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BCLM receives lifeline grant from Government's Culture Recovery Fund

Here For Culture

24 October 2020

Black Country Living Museum has been awarded a grant of £2.56m from the Government’s £1.57 billion Culture Recovery Fund to further help it face the challenges of the coronavirus pandemic.

The Museum is one of 35 major cultural organisations receiving the first grants between £1 and £3 million through the Culture Recovery Fund – with £75 million of investment announced today (Sat 24 Oct).

This follows £334 million awarded earlier in the month to nearly 2,000 organisations, also from the Culture Recovery Fund grants programme being administered by Arts Council England. Further rounds of funding in the cultural and heritage sector are due to be announced over the coming weeks.

This financial support will help to safeguard the Museum during these most challenging of times.   Since reopening in August, following five months of closure due to Covid-19 restrictions, the Museum has been operating with severely capped visitor attendance – resulting in audiences at less than half of the level seen in previous years. As an independent charity which receives 94 per cent of its everyday income from visitors, the temporary closure and continuing reduced visitor attendance have had a serious impact on the Museum’s short and medium-term financial position.

Therefore, support from the Culture Recovery Fund will play a vital role in helping BCLM to remain open and able to serve its community.  While this is obviously fantastic news for the Museum, it will still need to evolve to meet the challenges ahead.

Culture Secretary Oliver Dowden, said:

“As part of our unprecedented £1.57 billion rescue fund, today we're saving British cultural icons with large grants of up to £3 million – from Shakespeare's Globe to the Sheffield Crucible. These places and organisations are irreplaceable parts of our heritage and what make us the cultural superpower we are.  This vital funding will secure their future and protect jobs right away."

Chair, Arts Council England, Sir Nicholas Serota, said:

“The Culture Recovery Fund has already helped hundreds of organisations, of all types and sizes, in villages, towns and cities across the country. It has provided a lifeline that will allow these organisations to continue to play an integral role in their communities and produce new artistic work that will entertain and inspire us all.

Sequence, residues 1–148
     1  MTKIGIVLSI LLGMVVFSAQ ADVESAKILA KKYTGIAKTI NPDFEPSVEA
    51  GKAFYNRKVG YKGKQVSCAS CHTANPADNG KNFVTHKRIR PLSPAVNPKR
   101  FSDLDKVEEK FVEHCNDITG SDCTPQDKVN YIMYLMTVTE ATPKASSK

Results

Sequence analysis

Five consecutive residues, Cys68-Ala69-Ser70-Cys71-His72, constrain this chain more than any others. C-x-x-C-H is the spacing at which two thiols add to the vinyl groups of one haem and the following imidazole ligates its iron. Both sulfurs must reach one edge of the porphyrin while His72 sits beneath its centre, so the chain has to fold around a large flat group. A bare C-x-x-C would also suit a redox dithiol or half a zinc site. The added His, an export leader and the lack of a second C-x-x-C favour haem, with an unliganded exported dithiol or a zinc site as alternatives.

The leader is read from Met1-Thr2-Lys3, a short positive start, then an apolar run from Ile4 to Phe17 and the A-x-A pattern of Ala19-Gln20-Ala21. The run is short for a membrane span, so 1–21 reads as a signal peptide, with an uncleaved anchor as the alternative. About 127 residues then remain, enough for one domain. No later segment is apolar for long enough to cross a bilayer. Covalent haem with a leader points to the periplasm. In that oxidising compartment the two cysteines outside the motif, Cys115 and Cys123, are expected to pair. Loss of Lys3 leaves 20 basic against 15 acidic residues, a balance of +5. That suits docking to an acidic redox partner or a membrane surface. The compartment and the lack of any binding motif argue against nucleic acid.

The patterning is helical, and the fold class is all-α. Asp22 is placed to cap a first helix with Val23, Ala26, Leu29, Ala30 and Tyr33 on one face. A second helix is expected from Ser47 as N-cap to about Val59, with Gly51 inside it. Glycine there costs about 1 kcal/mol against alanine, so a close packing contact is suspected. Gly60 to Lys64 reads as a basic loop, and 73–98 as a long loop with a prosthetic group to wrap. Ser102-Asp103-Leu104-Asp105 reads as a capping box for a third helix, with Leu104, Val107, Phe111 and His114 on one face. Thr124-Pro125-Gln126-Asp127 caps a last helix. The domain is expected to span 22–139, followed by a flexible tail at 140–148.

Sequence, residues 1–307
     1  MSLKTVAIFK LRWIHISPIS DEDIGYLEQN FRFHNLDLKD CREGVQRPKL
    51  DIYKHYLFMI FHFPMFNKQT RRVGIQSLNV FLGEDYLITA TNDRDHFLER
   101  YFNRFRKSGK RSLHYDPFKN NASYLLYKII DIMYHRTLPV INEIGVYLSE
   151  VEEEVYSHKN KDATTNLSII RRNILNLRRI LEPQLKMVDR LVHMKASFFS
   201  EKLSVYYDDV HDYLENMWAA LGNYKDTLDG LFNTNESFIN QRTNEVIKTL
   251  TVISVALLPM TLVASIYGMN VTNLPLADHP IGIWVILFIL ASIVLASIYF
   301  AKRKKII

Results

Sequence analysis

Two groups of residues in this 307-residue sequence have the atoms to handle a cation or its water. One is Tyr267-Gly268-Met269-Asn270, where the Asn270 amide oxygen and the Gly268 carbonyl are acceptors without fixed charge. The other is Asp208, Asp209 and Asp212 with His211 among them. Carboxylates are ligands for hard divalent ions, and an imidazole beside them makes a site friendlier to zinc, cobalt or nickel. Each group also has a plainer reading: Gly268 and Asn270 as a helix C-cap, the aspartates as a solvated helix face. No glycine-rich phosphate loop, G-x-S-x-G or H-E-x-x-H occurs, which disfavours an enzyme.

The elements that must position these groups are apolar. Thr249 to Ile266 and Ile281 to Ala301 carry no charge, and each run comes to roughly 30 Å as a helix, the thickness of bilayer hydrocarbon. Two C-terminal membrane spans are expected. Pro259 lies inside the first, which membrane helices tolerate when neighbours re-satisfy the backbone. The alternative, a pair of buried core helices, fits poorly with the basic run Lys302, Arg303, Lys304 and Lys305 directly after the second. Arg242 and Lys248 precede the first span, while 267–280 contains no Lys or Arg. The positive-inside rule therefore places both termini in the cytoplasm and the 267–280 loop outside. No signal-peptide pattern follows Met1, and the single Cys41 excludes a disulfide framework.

“This latest funding, which are the largest grants to date, will support some of the country’s most loved and admired cultural spaces – from great regional theatres and museums to historic venues in the capital – which are critical to the development of a new generation of talent and in providing work for freelance creatives.”

Peter Knott, Area Director, Arts Council England, said:

“We’re delighted that Black Country Living Museum has been successful through the Government’s Culture Recovery Fund. The museum is a cornerstone of the Black Country’s cultural offer and this grant will offer them some short-term security and the opportunity to plan for the future. By restoring their period buildings to their huge collection of historical artefacts, the Black Country Living Museum gives visitors from across the region a truly immersive experience.

 “The Government’s package is hugely welcome, providing much of the sector with resources to remain in business through to the Spring. Well-loved community projects, theatres, galleries, museums, clubs, music venues, festivals, key cultural suppliers along with other creative spaces and projects have benefited, and their communities will feel a boost as a result. At a time where many communities and organisations face difficult challenges, this is a chance to continue on the road to recovery, post-Covid.”

Andrew Lovett, Chief Executive of Black Country Living Museum, said:

“We’re incredibly grateful for the support given to the Museum, ultimately by the people of the UK, as a result of our successful application to the Government’s Culture Recovery Fund.  Prior to the pandemic, BCLM was justly proud of its contribution as an independent heritage business to the region’s identity and economy.  These funds will help us to adapt to survive in the short term, so that we can thrive and grow with our community in the long term.  Prior to COVID-19 this Museum was enormously successful.  This critical funding provides the means to be successful once more.

"As Chair of the Association of Independent Museums, I also recognise and welcome the positive impact of the Culture Recovery Fund for hundreds of museums across England and the value attached to them by millions of visitors.”

Lowell Williams, Chair of the Board of Trustees, Black Country Living Museum, said:

“This decision is a massive vote of confidence in the Museum. It reflects our value to people and the strength and optimism of the organisation.” 

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